Light-matter interactions form the core of the research of the laboratory. This research spans everything from optical forces, chirality and plasmonics to weak and strong coupling regimes, as detailed below. It is interdisciplinary in nature at the interface of physics and chemistry, sometimes even venturing into biological systems.
It involves the assembly of optical setups, the spectroscopic characterization both through static and femto-second time resolved measurements, theoretical simulations and fabrication of plasmonic nanostructures using state-of-the-art tools such as FIB. The vast zoology of molecules and molecular materials (the molecular tool-box) is exploited for given targets. The members of the group come from diverse backgrounds, typically physics, engineering and physical chemistry, which is a source of stimulating discussions. We collaborate extensively with other groups in Strasbourg and elsewhere on topics such as synthetic chemistry, catalysis, biophysics, solid-state and statistical physics.

Chemical and material properties under strong coupling (led by T.W. Ebbesen)

Light-matter interactions can be enhanced by placing a material in a confined optical mode that is resonant with a transition of the material. The interaction is typically classified in the weak and strong coupling regimes. In weak coupling, the radiative properties are modified, a typical example being the Purcell effect. As the interaction increases, the strong coupling regime can be reached when a molecular transition and a resonant optical mode whereby they exchange energy faster than any relaxation process. In such a case new hybrid light-matter states are formed. These states, having both features of light and matter, are known as polaritonic states. They are separated by the Rabi splitting ħωVR, as illustrated in the figure. The strong coupling process involves the zero-point energies of the cavity mode (vacuum field) and the molecular transition; therefore, it occurs even in the dark. The light-matter hybridization is expected to alter the material properties of the system. Indeed, over the past decade, we have demonstrated that by strongly coupling molecular transitions with a cavity or a plasmonic mode, properties can be modified such as chemical and biochemical reactivity, conductivity, superconductivity, work function and non-linear responses of materials.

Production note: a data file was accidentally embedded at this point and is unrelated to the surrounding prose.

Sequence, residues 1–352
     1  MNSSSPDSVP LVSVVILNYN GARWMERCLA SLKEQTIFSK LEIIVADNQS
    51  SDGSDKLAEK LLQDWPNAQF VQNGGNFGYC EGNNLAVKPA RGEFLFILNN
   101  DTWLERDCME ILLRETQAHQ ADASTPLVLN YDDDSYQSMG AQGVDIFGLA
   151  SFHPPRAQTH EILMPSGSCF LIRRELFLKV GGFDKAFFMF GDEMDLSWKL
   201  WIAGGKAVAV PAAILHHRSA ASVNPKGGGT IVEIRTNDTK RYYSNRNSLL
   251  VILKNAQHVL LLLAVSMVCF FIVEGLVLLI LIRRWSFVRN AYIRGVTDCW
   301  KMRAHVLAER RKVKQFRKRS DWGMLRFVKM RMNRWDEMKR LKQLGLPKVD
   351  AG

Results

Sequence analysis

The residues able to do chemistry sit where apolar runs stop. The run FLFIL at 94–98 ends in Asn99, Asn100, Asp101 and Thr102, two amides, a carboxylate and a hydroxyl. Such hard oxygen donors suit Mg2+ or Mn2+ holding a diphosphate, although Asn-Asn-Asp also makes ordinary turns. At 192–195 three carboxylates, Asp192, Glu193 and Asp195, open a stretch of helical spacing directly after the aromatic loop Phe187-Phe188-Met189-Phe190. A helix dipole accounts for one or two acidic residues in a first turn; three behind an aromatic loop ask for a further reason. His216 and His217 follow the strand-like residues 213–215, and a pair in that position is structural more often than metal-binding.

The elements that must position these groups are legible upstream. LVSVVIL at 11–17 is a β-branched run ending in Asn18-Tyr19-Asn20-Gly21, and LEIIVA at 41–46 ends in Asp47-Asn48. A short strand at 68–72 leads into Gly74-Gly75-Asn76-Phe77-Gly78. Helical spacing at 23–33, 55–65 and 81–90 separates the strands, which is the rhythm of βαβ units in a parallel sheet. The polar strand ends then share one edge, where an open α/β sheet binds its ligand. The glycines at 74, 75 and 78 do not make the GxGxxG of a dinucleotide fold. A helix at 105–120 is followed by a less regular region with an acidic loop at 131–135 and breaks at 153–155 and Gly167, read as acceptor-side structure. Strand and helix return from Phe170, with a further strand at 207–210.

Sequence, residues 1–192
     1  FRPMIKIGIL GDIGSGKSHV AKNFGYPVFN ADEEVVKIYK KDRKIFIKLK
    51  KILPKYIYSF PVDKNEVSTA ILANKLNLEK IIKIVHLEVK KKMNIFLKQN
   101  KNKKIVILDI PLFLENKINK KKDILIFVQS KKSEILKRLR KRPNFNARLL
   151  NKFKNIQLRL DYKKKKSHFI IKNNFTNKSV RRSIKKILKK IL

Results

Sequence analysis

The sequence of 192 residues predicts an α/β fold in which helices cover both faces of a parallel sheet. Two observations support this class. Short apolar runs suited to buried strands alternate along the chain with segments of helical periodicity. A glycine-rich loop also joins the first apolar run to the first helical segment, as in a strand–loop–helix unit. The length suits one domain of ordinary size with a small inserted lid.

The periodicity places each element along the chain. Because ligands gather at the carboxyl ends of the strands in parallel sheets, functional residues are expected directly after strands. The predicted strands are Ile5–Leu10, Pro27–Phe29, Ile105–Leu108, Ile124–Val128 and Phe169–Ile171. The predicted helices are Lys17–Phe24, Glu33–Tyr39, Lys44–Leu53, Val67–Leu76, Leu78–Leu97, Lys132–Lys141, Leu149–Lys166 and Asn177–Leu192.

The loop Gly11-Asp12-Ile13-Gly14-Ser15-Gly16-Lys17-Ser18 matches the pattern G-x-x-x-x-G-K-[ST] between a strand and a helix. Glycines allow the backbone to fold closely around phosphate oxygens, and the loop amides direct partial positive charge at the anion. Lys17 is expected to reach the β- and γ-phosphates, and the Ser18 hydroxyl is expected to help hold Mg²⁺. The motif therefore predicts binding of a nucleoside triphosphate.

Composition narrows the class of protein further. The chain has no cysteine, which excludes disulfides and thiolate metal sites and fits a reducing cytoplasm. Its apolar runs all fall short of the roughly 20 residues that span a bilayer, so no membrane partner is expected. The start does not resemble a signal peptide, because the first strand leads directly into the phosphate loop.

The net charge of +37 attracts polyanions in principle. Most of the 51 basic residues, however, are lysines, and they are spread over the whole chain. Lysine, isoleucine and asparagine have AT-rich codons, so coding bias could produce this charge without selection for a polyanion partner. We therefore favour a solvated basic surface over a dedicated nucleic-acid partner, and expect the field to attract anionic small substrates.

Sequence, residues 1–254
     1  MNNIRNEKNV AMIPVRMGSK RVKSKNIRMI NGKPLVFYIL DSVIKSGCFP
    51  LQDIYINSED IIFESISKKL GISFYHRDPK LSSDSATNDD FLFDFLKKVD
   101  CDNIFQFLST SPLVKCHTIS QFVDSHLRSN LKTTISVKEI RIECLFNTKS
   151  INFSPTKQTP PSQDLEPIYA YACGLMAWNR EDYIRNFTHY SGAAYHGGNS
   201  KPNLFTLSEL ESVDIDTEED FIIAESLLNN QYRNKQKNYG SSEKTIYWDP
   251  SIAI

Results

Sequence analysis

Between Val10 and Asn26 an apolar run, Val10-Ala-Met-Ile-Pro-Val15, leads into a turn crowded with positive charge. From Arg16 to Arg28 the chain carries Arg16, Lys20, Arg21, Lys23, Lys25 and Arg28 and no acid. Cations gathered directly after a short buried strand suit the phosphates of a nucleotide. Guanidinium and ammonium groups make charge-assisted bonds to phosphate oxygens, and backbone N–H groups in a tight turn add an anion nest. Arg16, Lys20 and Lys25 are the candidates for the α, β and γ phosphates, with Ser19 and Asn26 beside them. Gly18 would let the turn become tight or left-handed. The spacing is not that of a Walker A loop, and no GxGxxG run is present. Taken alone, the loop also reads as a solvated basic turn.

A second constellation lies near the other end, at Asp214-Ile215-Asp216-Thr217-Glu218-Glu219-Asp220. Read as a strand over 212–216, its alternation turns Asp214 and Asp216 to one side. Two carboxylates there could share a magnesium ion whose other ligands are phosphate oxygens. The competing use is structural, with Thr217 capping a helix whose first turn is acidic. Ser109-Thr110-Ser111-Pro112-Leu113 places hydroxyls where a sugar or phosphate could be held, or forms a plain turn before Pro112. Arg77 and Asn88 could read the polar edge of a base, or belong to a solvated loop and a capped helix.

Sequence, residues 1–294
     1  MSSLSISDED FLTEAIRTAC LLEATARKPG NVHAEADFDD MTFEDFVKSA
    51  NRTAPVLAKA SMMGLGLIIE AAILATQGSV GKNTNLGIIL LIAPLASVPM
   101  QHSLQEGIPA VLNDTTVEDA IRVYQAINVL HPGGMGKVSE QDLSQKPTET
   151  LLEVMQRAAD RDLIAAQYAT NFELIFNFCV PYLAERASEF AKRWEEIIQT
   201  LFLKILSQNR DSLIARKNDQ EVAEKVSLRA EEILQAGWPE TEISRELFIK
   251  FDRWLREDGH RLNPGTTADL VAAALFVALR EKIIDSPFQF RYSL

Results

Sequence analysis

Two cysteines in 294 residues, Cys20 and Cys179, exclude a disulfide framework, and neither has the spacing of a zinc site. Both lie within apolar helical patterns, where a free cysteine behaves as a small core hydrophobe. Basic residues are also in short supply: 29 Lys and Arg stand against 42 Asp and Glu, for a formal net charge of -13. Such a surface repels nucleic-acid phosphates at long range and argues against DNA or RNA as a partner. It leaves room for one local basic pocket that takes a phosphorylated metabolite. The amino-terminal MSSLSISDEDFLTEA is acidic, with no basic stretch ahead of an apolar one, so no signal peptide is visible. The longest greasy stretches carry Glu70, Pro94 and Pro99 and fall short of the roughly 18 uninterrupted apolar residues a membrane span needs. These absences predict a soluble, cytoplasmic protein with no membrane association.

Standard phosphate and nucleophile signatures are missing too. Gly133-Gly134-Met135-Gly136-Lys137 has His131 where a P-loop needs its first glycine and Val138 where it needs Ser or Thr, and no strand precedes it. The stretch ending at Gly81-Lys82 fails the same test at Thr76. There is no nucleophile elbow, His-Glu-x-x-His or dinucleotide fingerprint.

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Light-matter strong coupling in our lab involves either electronic and vibrational transitions depending on the property to be explored. A particularly promising route to modify chemical reactivity in the ground state is to strongly couple molecular vibrations using microfluidic cavities in the infrared (IR) region. The resonant coupling is achieved by tuning the frequency ωc of cavities (with a screwdriver) to a given molecular vibrational frequency ωv of a specific bond in the molecule resulting in the formation of two new hybrid vibro-polariton states VP+ and VP-. Vibrational strong coupling, VSC, induces very large changes in the thermodynamics of the reaction, much larger than the Rabi splitting which is typically on the order of kBT. Symmetry plays a key role as can be seen from the action of VSC on the correlation diagrams connecting the reactants and the products. This provides an explanation for the surprisingly large modifications in the reactive landscape under VSC. By tuning the cavity across various vibrations, it is also possible to identify which vibrational mode is involved in the reaction. VSC is therefore not just a new approach to chemistry, it can also act as a mechanistic tool. Chemistry under strong coupling is often called polaritonic chemistry or c-QED chemistry.